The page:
6. Willis Earl Beal feat. Cat Power – “Coming Through”

katyyperryroar

While Willis Earl Beal’s “Too Dry to Cry” carries an avant-garde nature similar to crooners like Tom Waits, “Coming Though” unleashes some of his smoothest tones yet. (Lyrically, it’s probably for good reason.) Looking in a similar direction as MGMT, Beal and guest vocalist Cat Power reveal that your life is a lie but in the most easy-going way possible. Beal’s sophomore album, Nobody knows, will be released September 10th via XL Records. –Sam Willett

5. Throwing Muses – “sleepwalking 1”

Hang onto Your Life

Throwing Muses are making up for lost time. Fresh off a 10-year hiatus, the New England trio are cramming 32 tracks onto their forthcoming LP, Purgatory/Paradise (out November 11th), and “sleepwalking 1” is the first tease from that collection. It’s a ragged slew of power chords — the ideal setting for Kristin Hersh’s equally ragged voice. Purveyors of the lo-fi aesthetic in the ’90s, Throwing Muses stick to their proven methods, limiting the production in favor of candid honesty. The unpredictability sounds right when they do it. –Jon Hadusek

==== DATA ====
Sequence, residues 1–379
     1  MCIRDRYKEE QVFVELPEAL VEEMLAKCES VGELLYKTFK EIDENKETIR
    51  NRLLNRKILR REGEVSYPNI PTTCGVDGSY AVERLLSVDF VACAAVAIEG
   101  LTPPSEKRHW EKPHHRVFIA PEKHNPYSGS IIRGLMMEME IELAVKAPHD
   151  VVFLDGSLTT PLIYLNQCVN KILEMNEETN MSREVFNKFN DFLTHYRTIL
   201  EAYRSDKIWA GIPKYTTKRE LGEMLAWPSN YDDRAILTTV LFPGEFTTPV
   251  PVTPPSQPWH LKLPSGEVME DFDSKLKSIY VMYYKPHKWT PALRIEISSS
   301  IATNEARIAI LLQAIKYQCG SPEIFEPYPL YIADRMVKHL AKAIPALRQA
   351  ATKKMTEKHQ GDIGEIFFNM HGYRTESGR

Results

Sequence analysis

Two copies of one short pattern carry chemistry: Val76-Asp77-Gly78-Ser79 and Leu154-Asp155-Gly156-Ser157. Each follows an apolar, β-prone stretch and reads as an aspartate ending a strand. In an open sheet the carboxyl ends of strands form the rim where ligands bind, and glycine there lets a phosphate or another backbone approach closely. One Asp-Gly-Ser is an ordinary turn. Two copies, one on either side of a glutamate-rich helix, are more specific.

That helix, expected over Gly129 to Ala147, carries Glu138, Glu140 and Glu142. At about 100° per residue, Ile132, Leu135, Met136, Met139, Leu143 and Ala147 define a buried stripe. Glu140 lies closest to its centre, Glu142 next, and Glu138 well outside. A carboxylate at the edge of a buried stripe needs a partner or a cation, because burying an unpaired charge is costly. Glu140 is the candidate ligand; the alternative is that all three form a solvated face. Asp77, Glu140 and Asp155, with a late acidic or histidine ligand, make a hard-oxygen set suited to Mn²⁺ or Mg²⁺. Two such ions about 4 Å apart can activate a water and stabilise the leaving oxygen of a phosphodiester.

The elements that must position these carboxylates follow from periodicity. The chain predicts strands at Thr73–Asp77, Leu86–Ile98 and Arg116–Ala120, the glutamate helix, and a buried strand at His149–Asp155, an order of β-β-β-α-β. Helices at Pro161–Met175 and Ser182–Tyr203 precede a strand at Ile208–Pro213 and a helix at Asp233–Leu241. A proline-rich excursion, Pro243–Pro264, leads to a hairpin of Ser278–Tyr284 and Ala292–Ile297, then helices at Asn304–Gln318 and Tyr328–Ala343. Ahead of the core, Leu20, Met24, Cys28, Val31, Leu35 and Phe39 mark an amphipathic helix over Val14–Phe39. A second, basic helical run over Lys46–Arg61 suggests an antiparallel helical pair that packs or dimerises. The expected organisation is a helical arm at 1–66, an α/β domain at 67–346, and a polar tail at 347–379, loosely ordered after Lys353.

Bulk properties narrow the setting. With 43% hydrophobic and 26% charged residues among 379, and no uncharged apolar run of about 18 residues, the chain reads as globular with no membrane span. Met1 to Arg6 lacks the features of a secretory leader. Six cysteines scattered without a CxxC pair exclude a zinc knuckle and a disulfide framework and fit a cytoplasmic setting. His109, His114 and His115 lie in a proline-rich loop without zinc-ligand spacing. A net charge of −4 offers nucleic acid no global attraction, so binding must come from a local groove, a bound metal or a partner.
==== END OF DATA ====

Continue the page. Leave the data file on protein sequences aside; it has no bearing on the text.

4. Darkside – “Golden Arrow”

darkside Top 10 MP3s of the Week (8/30)

Nicolas Jaar’s Darkside made spacey strides in remixing Daft Punk’s Random Access Memories earlier this year; now, the duo has unleashed some funk of their own. The track’s bombastic and irresistible nature is its unexpected bass groove that could define a suspenseful showdown and chase in a movie. Being the first 11-minutes from Darkside’s upcoming venture, hopefully more funk will be delivered when it’s completed. –Sam Willett